201 Gilmer Hall
Dr. Noelle Hurd's research agenda has primarily focused on the promotion of healthy adolescent development among marginalized youth. Specifically, her work has focused on identifying opportunities to build on pre-existing strengths in youths’ lives, such as supportive intergenerational relationships. Using a resilience framework, she has assessed the potential of nonparental adults to serve as resources to marginalized youth, and she has investigated the processes through which these relationships affect a variety of youth outcomes (e.g., psychological distress, health-risk behaviors, academic achievement). Currently, she is investigating the role of contextual factors in promoting or deterring the formation of intergenerational relationships and shaping the nature of interactions between marginalized youth and the adults in their communities. She also is further examining the mechanisms that drive the promotive effects of natural mentoring relationships and developing an intervention focused on enhancing positive intergenerational relationships between adolescents and the nonparental adults in their everyday lives. She runs the Promoting Healthy Adolescent Development (PHAD) Lab at the University of Virginia. She is a current William T. Grant Scholar and a Spencer/National Academy of Education Postdoctoral Fellow. In 2015, she was recognized as a Rising Star by the Association for Psychological Science. She has published her research findings in a host of journals including Child Development, Developmental Psychology, the American Journal of Community Psychology, the Journal of Research on Adolescence, and the Journal of Youth and Adolescence. Her research is currently funded by the William T. Grant Foundation, the Institute of Education Sciences, and the National Science Foundation.
- Hurd, N. M., Varner, F., Caldwell, C. H., & Zimmerman, M. A. (in press). Does perceived discrimination predict change in psychological distress and substance use over time? An examination among Black emerging adults. Developmental Psychology. DOI: 10.1037/a0036438
- Hurd, N. M., & Zimmerman, M. A. (2014). An analysis of natural mentoring relationship profiles and their association with mentees’ mental health: Considering links via support from important others. American Journal of Community Psychology, 53, 25-36. DOI 10.1007/s10464-013-9598-y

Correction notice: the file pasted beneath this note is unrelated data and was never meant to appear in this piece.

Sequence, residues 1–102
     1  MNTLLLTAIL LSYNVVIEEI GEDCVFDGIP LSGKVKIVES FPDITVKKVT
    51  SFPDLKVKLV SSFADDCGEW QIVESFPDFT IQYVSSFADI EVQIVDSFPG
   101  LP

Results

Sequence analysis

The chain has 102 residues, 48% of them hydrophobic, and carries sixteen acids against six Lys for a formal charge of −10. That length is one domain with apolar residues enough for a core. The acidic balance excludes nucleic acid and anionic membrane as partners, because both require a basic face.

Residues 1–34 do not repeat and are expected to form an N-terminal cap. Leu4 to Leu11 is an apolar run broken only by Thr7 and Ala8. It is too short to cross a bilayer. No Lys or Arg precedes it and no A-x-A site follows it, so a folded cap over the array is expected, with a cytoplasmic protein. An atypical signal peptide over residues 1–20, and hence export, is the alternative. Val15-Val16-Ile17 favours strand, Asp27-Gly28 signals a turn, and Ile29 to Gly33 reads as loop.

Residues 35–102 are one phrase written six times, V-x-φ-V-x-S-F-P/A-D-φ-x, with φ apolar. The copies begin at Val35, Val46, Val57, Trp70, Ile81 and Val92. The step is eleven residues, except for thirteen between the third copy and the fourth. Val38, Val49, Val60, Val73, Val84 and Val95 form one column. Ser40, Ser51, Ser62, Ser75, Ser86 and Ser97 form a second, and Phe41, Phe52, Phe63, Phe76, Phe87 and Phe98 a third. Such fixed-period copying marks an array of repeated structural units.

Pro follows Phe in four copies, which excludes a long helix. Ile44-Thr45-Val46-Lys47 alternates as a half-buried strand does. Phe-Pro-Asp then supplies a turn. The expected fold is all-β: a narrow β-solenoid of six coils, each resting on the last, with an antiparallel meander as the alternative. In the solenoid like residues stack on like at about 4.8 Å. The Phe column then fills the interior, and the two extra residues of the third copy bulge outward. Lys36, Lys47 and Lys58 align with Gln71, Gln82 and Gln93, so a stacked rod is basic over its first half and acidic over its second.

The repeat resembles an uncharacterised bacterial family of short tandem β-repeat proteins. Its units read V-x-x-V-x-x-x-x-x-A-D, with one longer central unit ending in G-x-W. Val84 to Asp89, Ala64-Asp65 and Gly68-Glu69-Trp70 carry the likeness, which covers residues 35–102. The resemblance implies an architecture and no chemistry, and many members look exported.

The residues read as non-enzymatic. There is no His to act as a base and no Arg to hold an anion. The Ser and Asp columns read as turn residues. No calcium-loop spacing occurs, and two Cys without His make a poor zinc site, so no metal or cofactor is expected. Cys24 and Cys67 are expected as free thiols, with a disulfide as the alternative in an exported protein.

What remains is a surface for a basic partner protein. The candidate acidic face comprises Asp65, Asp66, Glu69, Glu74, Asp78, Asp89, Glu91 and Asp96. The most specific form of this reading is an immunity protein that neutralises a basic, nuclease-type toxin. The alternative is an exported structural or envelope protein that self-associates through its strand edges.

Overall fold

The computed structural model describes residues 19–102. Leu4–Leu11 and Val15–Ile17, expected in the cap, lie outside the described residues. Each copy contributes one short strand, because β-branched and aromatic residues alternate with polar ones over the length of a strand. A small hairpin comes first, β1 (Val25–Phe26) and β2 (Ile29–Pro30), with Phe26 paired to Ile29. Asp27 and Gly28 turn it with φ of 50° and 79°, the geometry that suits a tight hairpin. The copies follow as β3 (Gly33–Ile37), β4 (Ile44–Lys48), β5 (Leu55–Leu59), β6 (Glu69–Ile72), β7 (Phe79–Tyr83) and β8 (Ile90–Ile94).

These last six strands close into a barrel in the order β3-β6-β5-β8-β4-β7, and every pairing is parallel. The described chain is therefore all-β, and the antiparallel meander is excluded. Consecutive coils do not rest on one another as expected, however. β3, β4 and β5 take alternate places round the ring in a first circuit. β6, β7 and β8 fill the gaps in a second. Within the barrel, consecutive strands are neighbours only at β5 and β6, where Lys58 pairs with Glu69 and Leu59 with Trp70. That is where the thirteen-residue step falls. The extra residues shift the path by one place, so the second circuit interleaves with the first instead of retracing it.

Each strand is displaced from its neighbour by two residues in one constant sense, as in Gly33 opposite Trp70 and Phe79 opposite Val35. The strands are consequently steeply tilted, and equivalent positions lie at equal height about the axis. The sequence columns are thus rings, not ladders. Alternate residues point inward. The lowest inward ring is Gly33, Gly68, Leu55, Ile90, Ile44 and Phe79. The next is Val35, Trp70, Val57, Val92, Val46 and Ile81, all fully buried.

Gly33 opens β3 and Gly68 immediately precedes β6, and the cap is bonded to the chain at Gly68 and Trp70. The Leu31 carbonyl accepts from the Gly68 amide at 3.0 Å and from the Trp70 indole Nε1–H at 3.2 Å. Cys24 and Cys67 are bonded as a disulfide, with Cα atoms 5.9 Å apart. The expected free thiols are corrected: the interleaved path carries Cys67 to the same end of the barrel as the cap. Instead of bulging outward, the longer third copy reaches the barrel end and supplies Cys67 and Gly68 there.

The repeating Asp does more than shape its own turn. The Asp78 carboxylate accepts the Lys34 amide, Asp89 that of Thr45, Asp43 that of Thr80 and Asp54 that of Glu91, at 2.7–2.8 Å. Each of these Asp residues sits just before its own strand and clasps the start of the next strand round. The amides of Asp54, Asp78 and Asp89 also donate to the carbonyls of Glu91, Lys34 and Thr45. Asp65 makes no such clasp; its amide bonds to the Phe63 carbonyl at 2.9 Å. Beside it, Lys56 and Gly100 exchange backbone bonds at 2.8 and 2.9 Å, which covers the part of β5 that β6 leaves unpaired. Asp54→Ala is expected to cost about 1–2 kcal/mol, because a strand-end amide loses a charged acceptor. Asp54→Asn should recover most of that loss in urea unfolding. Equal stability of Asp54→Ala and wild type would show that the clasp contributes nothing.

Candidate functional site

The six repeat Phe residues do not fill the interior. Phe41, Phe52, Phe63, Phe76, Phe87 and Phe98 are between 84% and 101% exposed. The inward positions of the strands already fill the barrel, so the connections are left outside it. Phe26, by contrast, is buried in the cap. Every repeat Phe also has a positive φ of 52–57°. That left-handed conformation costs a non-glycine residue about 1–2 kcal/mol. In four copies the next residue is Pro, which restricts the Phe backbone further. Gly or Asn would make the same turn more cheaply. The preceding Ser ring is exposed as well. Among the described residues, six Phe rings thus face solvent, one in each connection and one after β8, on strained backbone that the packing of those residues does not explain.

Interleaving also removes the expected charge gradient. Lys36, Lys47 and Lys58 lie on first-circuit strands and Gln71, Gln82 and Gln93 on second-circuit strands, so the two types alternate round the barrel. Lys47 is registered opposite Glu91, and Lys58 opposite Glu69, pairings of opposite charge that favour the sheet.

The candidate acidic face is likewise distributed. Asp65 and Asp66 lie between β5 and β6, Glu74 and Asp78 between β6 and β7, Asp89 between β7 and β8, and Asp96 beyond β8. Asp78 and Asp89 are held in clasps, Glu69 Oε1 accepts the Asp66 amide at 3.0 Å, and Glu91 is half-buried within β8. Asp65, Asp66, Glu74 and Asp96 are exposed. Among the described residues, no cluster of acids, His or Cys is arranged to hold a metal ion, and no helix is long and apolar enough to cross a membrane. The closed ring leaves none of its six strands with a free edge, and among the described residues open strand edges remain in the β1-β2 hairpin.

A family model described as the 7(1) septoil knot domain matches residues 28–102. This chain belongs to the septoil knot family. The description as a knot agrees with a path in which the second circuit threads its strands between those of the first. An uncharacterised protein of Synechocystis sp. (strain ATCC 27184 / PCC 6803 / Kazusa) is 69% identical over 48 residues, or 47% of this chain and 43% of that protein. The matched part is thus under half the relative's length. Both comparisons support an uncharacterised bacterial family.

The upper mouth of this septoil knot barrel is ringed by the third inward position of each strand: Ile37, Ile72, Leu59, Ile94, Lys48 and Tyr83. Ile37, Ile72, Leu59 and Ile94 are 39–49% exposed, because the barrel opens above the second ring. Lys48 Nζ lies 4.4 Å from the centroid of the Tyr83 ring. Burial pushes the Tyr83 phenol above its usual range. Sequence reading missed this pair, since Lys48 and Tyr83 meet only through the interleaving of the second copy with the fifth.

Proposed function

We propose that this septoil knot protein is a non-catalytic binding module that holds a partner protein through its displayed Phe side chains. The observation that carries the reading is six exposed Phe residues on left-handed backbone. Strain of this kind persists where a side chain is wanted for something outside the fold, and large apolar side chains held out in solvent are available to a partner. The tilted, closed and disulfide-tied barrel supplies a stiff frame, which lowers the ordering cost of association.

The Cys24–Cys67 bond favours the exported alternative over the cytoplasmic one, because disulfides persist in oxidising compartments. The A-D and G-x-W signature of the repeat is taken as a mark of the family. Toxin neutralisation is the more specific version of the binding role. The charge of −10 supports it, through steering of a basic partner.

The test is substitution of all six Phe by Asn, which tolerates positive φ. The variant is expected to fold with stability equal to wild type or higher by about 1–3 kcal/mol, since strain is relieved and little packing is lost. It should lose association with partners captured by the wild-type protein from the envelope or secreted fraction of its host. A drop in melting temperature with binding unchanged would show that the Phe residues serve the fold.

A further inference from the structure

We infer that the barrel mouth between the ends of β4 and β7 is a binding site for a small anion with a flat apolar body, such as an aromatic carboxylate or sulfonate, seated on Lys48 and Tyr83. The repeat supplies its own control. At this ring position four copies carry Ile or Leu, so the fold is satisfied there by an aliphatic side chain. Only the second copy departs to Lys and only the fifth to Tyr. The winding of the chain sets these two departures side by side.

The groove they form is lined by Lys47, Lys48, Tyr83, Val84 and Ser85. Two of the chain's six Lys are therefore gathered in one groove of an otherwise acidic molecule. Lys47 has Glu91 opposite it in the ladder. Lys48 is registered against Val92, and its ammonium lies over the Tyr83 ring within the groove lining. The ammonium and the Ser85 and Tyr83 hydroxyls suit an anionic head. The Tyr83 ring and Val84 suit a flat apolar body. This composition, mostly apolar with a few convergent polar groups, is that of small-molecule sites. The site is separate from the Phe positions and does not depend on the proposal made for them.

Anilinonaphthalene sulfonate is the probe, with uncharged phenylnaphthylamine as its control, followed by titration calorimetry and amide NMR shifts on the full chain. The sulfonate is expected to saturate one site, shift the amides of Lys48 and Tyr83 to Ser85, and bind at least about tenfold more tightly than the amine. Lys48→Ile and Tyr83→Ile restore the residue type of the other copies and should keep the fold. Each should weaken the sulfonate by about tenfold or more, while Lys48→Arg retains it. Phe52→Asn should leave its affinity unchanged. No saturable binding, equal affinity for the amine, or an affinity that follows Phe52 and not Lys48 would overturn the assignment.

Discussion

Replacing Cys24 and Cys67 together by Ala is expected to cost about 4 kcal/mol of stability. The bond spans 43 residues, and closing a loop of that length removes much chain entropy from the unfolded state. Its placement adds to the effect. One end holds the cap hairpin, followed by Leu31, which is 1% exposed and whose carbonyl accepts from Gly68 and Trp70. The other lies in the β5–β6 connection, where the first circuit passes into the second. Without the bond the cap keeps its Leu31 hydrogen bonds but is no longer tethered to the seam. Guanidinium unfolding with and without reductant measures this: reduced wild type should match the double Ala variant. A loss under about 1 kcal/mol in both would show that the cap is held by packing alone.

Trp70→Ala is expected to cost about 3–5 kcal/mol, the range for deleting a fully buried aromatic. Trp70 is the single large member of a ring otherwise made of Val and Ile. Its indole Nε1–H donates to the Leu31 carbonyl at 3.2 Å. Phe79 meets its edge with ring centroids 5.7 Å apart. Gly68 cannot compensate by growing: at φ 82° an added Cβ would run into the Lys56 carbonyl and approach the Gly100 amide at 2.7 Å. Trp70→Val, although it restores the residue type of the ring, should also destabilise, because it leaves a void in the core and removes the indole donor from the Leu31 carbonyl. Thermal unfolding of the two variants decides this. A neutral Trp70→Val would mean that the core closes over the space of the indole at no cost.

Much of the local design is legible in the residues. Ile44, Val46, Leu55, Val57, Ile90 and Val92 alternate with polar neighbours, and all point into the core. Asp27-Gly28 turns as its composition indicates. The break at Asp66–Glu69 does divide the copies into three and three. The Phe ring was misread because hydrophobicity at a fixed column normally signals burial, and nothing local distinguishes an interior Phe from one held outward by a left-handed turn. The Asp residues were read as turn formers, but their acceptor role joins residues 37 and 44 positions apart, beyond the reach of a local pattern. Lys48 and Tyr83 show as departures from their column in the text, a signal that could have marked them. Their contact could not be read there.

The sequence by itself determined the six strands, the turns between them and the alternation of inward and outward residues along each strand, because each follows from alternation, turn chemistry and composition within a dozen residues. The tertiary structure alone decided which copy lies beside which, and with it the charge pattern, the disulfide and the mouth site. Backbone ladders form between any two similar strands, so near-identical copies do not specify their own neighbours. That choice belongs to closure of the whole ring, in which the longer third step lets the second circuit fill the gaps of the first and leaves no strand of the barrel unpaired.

- Hurd, N. M., Stoddard, S. A., Bauermeister, J. A., & Zimmerman, M. A. (2014). Natural mentors, mental health, and substance use: Exploring pathways via coping and purpose. American Journal of Orthopsychiatry, 84, 1-11. DOI 10.1037/h0099361
- Hurd, N. M., Varner, F., & Rowley, S. J. (2013). Involved-vigilant parenting and socio-emotional well-being among Black youth: The moderating influence of natural mentoring relationships. Journal of Youth and Adolescence,42, 1583-1595. DOI: 10.1007/s10964-012-9819-y (first and second authors made equal contributions)
- Hurd, N. M., Stoddard, S. A., & Zimmerman, M. A. (2013). Neighborhoods, social support, and African American adolescents’ mental health outcomes: A multilevel path analysis. Child Development, 84, 858-874. DOI: 10.1111/cdev.12018
- Hurd, N. M., Sellers, R. M., Cogburn, C. D., Butler-Barnes, S. T., & Zimmerman, M. A. (2013). Racial identity and mental health among Black emerging adults: The moderating effects of neighborhood racial composition. Developmental Psychology, 49, 938-950. DOI: 10.1037/a0028826
- Hurd, N. M., & Sellers, R. M. (2013). Black adolescents’ relationships with natural mentors: Associations with academic engagement via social and emotional development. Cultural Diversity & Ethnic Minority Psychology, 19, 76-85. DOI: 10.1037/a0031095
- Hurd, N. M., Sánchez, B., Zimmerman, M. A., & Caldwell, C. H. (2012). Natural mentors, racial identity, and educational attainment among African American adolescents: Exploring pathways to success. Child Development, 83, 1196-1212. DOI: 10.1111/j.1467-8624.2012.01769.x
- Hurd, N. M., Zimmerman, M. A., & Reischl, T. M. (2011). Role model behavior and youth violence: A study of positive and negative effects. The Journal of Early Adolescence, 31, 323-354.